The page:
Various City departments will be on hand at tonight’s meeting.

“If there’s a project-specific issue, Councilmembers typically reach out to staff members for the departments involved,” Reyes said. “And whether it’s a housing issue or a public safety issue, which I think is also on the agenda on Thursday, we might have a representative from [Pasadena Police Department] there so it’s typical that staff would be there for a particular topic.”

Drive-Thru Possibly ‘Grandfathered In’

Could having an existing drive-thru already at the location impact the likelihood of putting another drive-thru in its place, despite the city not wanting another drive-thru on North Lake?

“There’s a public hearing process for that,” Reyes said. “Until a project is submitted, and a full analysis is done by all departments, city staff would not have a position on whether they’re recommending approval or disapproval. If you have an existing drive-thru you can tear down and rebuild if you don’t exceed the square footage. That’s not the same in other areas. But you still need a conditional use permit to do it.”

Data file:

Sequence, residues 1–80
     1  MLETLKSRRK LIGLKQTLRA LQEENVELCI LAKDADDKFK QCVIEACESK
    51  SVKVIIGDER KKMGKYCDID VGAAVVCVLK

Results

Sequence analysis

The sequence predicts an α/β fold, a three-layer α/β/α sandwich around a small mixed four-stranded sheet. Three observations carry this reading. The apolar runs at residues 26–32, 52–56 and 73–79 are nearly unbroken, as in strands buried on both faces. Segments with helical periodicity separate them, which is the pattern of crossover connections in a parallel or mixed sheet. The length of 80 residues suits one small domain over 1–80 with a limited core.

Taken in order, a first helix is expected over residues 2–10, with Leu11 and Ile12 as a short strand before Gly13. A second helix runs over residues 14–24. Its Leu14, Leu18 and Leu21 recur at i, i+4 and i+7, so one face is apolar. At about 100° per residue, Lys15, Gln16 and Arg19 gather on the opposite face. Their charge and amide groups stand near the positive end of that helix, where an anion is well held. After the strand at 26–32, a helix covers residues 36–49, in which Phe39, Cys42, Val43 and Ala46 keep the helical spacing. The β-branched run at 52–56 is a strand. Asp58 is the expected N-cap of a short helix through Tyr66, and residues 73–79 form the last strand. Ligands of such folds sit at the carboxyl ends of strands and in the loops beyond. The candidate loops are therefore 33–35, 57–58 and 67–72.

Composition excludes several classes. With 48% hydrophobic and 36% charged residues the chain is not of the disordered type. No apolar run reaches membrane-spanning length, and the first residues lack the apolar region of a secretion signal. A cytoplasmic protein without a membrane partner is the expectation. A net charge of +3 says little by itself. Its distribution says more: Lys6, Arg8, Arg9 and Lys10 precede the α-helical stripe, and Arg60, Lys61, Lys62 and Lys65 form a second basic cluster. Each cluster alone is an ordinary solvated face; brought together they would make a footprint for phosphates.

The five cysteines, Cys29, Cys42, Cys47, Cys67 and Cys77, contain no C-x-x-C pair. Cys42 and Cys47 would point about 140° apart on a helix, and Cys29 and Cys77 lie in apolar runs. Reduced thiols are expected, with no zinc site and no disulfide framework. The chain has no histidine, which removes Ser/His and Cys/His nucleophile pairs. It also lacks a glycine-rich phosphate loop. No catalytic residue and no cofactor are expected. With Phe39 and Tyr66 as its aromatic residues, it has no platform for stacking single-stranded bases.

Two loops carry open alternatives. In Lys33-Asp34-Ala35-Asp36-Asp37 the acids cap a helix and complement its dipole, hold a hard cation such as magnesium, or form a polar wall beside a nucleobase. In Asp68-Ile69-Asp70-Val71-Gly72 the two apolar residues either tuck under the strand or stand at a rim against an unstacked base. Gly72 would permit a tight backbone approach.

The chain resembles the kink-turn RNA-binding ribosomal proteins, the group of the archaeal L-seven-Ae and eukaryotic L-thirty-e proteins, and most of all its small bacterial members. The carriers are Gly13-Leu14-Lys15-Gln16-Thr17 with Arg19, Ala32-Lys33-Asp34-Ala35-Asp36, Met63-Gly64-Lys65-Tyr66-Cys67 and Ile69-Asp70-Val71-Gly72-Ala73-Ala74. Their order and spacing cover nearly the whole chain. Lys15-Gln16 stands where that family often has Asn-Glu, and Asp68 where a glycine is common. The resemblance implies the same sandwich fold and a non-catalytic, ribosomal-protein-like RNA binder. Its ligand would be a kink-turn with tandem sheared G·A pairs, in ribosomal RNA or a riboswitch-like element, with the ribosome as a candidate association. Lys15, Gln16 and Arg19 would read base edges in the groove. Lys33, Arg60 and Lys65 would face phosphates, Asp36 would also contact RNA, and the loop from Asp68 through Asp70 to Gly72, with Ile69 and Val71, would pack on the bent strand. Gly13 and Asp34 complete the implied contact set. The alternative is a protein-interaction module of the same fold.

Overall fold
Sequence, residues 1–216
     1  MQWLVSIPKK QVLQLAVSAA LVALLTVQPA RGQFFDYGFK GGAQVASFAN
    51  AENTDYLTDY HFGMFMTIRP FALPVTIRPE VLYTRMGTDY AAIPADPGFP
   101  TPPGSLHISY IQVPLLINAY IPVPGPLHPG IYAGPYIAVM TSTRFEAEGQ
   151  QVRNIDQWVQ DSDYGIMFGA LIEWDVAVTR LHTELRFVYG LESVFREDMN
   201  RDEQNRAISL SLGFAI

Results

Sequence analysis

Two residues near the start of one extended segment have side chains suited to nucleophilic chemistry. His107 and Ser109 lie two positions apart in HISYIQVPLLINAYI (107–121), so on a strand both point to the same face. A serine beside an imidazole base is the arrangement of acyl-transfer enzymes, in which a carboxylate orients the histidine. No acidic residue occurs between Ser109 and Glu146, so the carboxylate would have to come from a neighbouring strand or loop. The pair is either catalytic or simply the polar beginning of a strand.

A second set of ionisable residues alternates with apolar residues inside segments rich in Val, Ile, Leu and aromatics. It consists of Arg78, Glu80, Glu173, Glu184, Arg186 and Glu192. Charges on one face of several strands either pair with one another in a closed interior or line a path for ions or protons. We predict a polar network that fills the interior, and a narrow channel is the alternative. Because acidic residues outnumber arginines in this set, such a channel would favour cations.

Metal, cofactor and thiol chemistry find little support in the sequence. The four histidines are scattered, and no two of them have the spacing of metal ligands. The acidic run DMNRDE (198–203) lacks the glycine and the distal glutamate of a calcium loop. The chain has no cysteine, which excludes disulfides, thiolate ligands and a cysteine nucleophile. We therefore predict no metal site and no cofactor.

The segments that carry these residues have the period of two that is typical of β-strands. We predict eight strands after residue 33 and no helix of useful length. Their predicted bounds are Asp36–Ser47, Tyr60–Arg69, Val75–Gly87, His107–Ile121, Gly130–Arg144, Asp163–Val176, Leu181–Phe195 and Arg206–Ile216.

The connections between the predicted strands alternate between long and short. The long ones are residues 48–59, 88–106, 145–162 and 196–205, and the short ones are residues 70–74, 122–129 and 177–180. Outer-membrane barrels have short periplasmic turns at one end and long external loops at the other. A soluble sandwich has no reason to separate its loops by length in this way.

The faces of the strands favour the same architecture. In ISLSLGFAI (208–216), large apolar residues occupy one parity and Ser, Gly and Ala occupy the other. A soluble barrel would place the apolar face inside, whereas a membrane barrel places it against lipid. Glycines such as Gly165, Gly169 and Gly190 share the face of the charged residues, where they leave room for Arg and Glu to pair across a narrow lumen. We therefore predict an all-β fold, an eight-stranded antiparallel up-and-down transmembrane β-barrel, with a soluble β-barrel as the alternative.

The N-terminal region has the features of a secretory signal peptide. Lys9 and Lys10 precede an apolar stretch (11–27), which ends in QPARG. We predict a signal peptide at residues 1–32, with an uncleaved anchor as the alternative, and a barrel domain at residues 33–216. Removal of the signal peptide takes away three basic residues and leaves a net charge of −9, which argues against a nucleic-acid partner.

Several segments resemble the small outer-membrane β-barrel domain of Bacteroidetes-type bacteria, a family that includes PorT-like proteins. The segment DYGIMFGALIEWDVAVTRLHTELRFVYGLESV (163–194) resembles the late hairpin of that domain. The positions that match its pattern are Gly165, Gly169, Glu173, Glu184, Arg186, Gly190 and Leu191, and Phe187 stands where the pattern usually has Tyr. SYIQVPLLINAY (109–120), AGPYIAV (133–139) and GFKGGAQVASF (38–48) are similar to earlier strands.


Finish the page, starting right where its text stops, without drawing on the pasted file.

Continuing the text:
Reyes said in another situation the length of time the Carl’s Jr. has been closed down might impact the conditional use permit, but likely not in this case.

“Likely not because the code section, it says a drive-thru can be demolished and rebuilt,” Reyes said. “A conditional use permit loses its validity after one year of ‘non-use,’ if you will. The situation here is not about a CUP being continued or renewed it’s about a new conditional use permit going in. So it’s a little bit different in terms of the general standard. There is a general standard in our zoning code that says if you have a conditional use permit and the use lapses for one year, then the CUP is null and void. That is not the situation here.”

Also on the agenda will be a public safety presentation by the Pasadena Police Department. Chief John Perez will be on hand to discuss homeless activities with outreach and enforcement efforts and activity at Washington Park and Lake Ave. and Washington Blvd, Commander Jason Clawson of the Pasadena Police Department said.

Councilmember Victor Gordo’s District 5 Town Hall Meeting is scheduled for Thursday, August 29, from 6:30 to 8:00 p.m. at the Santa Catalina Branch Library, 999 E. Washington Blvd. For information call (626) 744-4741.